For months we've been talking about the massive lending bubble propping up the U.S. auto market. Now, noting many of the same concerns that we've highlighted repeatedly, Morgan Stanley's auto team, led by Adam Jonas, has just issued a report detailing why they think used car prices could crash by up to 50% over the next 4-5 years.
Here's the summary (flood of supply, poor lending standards and desperate OEMs who need to keep new car sales elevated at all costs):
- Off-lease supply: This has already more than doubled since 2012 and is set to rise another 25% over the next 2 years.
- Extended credit terms: Auto loans are at record lengths and lease assumptions (residuals, money factor) are at record levels of accommodation.
- Rising rates: Starting from record low levels in auto loans.
- Overdependency on auto ABS: The outstanding balance of auto securitizations has surpassed last cycle's peak.
- Record high deep subprime participation: 32% of subprime auto ABS deals were deep subprime (weighted average FICO < 550) in 2016 vs. 5% in 2010.
- Record high units of new car inventory: 2016YE unit inventory levels were near 10% higher than 2015YE, and are continuing to trend higher in 2017.
- OEM price competition: Car manufacturers have capacitized to a 19mm or 20mm SAAR. At this point in the cycle we start seeing more money 'on the hood' to move the metal. As new car prices fall, used prices look relatively more expensive, which necessitates a decline in used prices to equilibrate the supply/demand imbalance.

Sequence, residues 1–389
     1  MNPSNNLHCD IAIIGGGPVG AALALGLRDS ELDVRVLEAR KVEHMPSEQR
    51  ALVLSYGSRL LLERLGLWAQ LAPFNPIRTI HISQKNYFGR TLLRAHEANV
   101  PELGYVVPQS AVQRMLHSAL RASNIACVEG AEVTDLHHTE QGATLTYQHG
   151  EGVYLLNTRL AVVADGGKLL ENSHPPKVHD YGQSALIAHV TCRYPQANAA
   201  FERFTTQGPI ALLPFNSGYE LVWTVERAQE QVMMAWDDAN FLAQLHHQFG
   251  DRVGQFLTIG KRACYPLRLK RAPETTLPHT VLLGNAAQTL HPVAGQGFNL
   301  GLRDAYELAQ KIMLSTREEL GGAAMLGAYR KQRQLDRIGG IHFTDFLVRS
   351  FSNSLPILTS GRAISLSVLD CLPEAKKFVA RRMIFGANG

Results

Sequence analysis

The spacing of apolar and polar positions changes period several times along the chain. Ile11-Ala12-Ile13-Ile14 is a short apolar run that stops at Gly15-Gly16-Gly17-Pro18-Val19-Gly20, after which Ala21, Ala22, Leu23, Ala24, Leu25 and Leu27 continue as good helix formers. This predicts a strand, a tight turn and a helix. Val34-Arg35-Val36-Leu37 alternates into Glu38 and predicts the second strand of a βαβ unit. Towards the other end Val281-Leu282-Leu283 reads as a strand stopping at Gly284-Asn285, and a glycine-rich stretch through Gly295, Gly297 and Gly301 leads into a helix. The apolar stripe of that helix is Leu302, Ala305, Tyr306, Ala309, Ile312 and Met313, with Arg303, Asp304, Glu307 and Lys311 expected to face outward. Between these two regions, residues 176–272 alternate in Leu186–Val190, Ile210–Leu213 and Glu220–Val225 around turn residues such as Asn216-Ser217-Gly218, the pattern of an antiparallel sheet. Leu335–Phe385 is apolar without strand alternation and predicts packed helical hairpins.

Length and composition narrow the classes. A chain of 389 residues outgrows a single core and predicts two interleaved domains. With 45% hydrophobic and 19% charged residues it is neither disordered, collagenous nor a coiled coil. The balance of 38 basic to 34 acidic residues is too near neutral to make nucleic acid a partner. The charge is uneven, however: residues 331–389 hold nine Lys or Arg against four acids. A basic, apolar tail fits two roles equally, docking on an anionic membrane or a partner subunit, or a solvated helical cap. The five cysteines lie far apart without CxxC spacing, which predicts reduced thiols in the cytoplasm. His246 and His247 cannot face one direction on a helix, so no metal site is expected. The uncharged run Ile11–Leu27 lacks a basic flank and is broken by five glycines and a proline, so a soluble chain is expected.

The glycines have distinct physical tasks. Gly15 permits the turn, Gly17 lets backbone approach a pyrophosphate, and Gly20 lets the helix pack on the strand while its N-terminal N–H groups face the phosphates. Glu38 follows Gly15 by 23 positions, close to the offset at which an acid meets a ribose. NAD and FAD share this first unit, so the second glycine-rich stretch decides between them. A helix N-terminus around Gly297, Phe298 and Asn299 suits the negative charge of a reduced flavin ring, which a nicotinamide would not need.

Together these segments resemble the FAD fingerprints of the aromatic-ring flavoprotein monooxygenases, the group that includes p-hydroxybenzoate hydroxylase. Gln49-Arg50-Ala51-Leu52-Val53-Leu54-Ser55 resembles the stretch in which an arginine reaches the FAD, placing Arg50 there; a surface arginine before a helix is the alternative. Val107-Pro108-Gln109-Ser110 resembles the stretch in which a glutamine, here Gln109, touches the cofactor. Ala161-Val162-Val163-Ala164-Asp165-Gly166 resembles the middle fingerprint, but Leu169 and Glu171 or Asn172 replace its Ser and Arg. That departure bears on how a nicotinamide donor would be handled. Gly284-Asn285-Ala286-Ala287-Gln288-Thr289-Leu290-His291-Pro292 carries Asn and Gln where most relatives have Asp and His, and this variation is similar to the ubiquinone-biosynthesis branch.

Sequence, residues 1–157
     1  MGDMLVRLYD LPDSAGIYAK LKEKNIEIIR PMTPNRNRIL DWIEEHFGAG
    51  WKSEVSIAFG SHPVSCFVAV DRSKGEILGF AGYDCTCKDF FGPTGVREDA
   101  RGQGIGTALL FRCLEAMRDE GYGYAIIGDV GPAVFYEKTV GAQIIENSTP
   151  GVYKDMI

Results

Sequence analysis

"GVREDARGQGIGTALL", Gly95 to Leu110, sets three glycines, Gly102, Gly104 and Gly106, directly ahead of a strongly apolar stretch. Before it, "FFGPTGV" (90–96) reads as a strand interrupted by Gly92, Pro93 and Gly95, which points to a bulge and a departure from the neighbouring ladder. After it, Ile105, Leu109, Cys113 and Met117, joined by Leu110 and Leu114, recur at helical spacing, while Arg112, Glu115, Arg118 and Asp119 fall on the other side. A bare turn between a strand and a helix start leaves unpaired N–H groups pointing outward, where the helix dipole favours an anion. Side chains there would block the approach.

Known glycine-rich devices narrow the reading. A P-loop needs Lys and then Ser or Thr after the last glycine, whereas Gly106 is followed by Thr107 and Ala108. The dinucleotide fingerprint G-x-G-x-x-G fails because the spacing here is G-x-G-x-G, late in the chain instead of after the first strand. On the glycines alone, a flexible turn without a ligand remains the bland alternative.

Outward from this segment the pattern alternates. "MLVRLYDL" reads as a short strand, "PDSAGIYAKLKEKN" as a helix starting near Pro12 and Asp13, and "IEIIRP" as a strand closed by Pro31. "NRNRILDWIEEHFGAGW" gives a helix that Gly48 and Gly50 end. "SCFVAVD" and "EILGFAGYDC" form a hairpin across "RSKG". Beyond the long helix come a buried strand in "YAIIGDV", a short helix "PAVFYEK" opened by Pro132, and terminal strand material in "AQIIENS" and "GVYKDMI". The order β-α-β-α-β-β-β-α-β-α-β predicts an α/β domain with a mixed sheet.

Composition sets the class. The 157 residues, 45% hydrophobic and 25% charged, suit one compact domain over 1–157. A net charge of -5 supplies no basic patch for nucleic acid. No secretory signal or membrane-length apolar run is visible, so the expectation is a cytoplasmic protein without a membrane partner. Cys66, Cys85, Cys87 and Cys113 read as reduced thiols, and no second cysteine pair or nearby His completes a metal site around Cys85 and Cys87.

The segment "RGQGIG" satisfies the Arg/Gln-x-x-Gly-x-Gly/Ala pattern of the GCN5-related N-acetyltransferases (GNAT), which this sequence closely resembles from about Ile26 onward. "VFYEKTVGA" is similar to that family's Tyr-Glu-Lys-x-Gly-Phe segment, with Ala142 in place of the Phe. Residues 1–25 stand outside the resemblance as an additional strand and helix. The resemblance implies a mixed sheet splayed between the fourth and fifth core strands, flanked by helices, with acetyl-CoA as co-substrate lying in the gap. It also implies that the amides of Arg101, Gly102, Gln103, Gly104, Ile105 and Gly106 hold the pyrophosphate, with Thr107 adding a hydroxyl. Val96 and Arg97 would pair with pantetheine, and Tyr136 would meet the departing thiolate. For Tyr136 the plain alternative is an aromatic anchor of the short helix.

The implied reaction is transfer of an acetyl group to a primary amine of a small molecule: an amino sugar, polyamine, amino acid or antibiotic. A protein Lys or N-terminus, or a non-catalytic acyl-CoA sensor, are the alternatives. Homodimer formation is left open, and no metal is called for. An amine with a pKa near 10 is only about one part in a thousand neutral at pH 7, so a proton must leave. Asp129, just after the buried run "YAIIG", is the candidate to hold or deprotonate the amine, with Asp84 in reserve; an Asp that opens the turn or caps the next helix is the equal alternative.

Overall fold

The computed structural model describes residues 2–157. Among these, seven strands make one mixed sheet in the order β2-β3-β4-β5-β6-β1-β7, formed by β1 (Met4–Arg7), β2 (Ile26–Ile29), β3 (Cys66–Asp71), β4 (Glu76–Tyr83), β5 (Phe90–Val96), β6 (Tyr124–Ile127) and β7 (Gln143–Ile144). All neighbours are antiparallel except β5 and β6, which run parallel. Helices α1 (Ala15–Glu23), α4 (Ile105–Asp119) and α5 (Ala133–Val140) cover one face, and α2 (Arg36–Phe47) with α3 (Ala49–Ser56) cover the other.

- Increased ADAS penetration: We expect auto firms to achieve nearly 100% active safety penetration by 2020, creating an unprecedented safety gap between new and used vehicles, accelerating obsolescence of the used stock. Rising insurance premiums on older cars could accelerate this shift.
- Trouble in the car rental market: Due to a number of secular shifts, including how consumers access transportation options (e.g. ride sharing), car rental firms are facing stagnant growth, weak pricing and over-fleeted conditions. As these cars hit the auction, the impact on prices could be significant.
All of which Morgan Stanley thinks could spark a 50% decline in used car prices over the next couple of years. So, for all of you pension funds out there scooping up all of the AAA-rated slugs of the latest auto ABS deals for the 'juicy yield', now might be a good time to review what happened to the investment grade tranches of MBS structures back in 2009 when home prices crashed by similar amounts.
And here are the stats...
Off-lease volumes have already doubled since 2012 and are only expected to get worse...meanwhile, lending standards have gradually gotten worse and worse...
...as further revealed by the growing share of 'deep subprime' loans in auto ABS deals.
Of course, so far negative equity hasn't been a problem for car buyers because lenders have been all too willing to roll those debt balances into new loans. And, courtesy of low rates and stretched out terms, consumers haven't really cared that their debt balances are ballooning so long as their monthly payments remain low.
Meanwhile, none of the warnings about a flood of used car volumes about to hit the market has impacted new car volumes being pushed on to dealer lots.
All of which results in this fairly brutal outlook for used car prices:
Dear OEMs, the first step is admitting you have a problem.